Texts: Acts 16:16-34; Revelation 22:12-21; John 17:20-26
When this candle is not lit, it mostly lives in the choir room, next to the window. We don’t usually keep it in here, because it’s odd to have a candle that isn’t being lit. So why is it here now? Why is its cold, dark wick exposed to us today, so uncomfortably unlit?
I said earlier that Jesus’ absence is conspicuous, and no time is that more true than in the last few days of Easter following the Ascension. Seven weeks after the celebration of the empty tomb and many Easter hymns later, it no longer feels like a festival, but also isn’t yet time for Pentecost. We are caught in between, wondering what happens next. Meanwhile, life goes on. We go to work, we travel, we eat and sleep. Children are born, arguments are had, elections are held, wars are fought, loved ones die and are buried. Christ is alive, but he seems so very far away sometimes. What happens next?
For us in this in between time, the book of Revelation holds a promise: Jesus himself says, “See, I am coming soon.” We are reminded that in this liminal space, this transition period, we are between the first and the second coming; that we live, as we say, in the “already-but-not-yet:” the kingdom of heaven has already been inaugurated, but is not yet fully present. Nevertheless, we have Jesus’ own promise: “See, I am coming soon.”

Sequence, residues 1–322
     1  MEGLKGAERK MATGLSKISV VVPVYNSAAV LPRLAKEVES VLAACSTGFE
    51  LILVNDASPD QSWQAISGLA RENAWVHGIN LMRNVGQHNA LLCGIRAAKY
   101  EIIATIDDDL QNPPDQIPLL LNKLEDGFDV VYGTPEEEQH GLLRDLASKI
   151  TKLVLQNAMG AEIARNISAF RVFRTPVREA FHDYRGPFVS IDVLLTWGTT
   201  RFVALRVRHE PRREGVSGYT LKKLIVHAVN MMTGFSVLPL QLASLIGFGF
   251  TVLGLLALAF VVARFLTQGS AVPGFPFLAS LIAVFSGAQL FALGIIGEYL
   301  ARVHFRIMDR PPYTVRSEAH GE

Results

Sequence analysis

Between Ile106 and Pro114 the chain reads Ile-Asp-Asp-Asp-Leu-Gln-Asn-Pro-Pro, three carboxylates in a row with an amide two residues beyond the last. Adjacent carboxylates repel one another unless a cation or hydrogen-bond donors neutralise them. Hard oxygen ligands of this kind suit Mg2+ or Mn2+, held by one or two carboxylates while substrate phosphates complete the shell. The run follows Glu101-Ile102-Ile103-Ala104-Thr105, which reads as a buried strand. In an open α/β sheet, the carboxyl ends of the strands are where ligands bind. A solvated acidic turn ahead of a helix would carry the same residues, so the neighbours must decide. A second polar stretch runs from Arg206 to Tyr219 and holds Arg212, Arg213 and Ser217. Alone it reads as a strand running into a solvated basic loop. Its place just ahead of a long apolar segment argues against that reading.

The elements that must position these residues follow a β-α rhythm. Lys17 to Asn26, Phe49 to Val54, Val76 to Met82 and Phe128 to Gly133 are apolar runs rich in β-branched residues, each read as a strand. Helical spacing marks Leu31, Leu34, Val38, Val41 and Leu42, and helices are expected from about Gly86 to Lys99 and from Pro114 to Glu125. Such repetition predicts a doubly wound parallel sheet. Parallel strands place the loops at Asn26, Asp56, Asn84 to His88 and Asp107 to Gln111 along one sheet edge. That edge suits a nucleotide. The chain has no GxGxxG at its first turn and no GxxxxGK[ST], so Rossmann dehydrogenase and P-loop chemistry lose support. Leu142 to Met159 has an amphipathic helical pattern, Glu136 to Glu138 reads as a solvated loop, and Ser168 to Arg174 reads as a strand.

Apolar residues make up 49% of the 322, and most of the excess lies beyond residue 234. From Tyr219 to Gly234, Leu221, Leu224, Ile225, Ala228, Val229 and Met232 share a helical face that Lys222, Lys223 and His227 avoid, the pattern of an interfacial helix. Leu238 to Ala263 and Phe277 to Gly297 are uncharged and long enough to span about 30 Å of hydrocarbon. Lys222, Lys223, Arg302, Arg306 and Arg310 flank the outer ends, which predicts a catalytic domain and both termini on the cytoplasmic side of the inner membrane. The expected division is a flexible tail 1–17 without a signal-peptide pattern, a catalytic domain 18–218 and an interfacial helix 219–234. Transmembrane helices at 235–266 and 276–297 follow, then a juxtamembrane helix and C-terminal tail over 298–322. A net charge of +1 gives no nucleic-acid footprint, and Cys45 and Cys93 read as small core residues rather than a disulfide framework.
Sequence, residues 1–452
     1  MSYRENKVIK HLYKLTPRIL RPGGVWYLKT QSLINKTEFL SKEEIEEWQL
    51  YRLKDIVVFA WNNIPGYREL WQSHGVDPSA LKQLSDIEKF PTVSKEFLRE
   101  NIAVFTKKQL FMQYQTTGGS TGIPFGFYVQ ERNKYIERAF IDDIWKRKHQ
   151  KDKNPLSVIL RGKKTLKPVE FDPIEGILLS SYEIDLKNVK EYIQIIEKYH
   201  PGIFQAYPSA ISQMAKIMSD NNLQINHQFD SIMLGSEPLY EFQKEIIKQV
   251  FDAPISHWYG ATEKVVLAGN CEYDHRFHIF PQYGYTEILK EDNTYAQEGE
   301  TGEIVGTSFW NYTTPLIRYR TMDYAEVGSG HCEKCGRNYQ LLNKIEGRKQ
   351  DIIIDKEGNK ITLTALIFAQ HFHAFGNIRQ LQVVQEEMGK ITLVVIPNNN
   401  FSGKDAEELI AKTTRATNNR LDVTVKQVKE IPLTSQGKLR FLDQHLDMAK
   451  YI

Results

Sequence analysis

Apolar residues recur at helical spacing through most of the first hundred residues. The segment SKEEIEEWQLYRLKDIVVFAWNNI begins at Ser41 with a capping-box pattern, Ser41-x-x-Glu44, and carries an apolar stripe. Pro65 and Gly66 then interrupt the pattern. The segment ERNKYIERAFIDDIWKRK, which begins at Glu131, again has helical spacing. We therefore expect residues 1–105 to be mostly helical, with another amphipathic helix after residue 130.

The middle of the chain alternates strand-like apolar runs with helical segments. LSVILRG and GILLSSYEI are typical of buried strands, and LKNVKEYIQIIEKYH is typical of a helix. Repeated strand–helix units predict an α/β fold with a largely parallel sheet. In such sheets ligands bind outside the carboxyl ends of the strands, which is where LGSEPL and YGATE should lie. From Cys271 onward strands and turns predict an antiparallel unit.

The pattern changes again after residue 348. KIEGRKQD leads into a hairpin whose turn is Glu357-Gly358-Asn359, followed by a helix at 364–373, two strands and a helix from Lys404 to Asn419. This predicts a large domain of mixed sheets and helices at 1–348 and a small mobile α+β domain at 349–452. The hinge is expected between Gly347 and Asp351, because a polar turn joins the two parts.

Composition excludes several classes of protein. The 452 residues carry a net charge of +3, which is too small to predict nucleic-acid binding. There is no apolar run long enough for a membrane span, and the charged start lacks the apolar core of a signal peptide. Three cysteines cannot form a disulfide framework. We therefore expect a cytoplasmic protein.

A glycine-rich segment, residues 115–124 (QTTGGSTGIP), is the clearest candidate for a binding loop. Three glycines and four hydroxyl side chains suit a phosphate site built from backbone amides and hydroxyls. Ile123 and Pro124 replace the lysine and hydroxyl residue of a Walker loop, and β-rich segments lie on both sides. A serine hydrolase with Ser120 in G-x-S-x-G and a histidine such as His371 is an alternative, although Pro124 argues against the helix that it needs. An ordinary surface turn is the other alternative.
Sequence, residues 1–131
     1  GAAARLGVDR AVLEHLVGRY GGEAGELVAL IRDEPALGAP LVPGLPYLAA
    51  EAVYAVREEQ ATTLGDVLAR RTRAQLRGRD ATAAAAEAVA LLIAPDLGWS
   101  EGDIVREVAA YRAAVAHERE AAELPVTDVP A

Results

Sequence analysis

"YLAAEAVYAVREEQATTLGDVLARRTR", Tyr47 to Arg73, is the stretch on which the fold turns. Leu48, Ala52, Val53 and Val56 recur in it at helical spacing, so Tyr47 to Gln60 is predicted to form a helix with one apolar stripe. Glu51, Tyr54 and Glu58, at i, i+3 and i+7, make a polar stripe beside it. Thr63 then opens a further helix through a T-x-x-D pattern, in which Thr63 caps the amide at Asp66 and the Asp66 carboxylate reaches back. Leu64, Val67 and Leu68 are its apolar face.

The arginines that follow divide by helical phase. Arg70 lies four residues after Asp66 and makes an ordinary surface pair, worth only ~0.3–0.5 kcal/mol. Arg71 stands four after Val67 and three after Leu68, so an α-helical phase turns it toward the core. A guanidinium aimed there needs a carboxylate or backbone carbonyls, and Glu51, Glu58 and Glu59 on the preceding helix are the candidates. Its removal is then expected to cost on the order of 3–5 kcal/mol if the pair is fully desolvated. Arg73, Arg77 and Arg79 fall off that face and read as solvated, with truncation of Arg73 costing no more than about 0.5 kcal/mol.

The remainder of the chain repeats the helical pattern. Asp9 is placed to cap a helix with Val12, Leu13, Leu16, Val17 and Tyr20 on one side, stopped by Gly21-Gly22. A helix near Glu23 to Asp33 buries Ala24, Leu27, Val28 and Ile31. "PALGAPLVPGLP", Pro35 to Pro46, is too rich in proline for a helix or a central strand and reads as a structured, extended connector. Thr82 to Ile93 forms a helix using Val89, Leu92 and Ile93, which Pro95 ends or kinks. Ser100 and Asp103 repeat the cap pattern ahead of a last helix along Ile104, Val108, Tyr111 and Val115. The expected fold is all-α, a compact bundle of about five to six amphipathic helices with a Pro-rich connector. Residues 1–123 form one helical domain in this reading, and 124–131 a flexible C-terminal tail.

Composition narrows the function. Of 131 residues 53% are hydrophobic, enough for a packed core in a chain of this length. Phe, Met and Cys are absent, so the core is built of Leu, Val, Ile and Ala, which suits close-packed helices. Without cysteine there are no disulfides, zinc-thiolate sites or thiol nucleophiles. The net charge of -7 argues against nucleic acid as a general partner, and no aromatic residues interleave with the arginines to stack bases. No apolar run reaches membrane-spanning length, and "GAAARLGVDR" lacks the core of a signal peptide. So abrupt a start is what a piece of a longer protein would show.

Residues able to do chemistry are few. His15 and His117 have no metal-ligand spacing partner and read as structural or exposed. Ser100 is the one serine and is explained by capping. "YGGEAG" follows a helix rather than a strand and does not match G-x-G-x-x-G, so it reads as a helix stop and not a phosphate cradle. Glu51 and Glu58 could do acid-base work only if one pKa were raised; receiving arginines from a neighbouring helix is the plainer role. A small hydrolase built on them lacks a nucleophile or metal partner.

However, “soon,” as we know, is relative. Many lifetimes have passed since Christ ascended into heaven with the promise that he would “come in the same way as we saw him go,” (Acts 1.11) and we will likely all go to our graves before we see that promise fulfilled. That is why St. John of Patmos recorded his vision for us. It is a vision not so much of the future as it is of the present; a glimpse at what already exists behind the veil, even if it is not yet apparent to everyone. Already, God sits on the throne, already the Lamb who was slain has conquered; although we do not yet see all of heaven and earth recreated in God’s vision of beauty and wholeness, it is no less true.
It is this truth which brought Paul and Silas to Troas and the house of Lydia, which took them into the marketplace with the slave girl, and which ultimately landed them in prison. It is this truth which gave them songs to sing in the middle of a dark night in chains, still bruised and bleeding from their arrest. It is this truth that shook the earth and opened the doors and loosed the chains of that prison, but is also this truth which kept them all in their cells until the jailer ran to check on his charges, wild with fear and despair that, if his prisoners had escaped, his own life would be demanded of him in place of theirs.
When the man asks Paul, “What must I do to be saved?” he may well have been asking what he could do to escape the wrath of the magistrates, or the wrath of the angry God whose servants he had beaten and chained. Whatever he expected to hear, the answer Paul gives him is not an ultimatum, but an invitation: build your trust upon the foundation of Christ and his promise, and you will not only escape death, you will live the life God has always intended for you to live--you will be saved.
In that moment, Paul invites the jailer—his enemy—into the life which he and Silas and their companions are already living. He can speak of this life—this life of beatings and imprisonment and persecution—as salvation because he has already experienced it for himself. They all have. To be “saved” means so much more than to be prevented from falling on one’s sword or from being freed from prison. It means more even than the promise of life sometime after we die. It means to see the world—and all the people in it—in the light of the Risen Christ.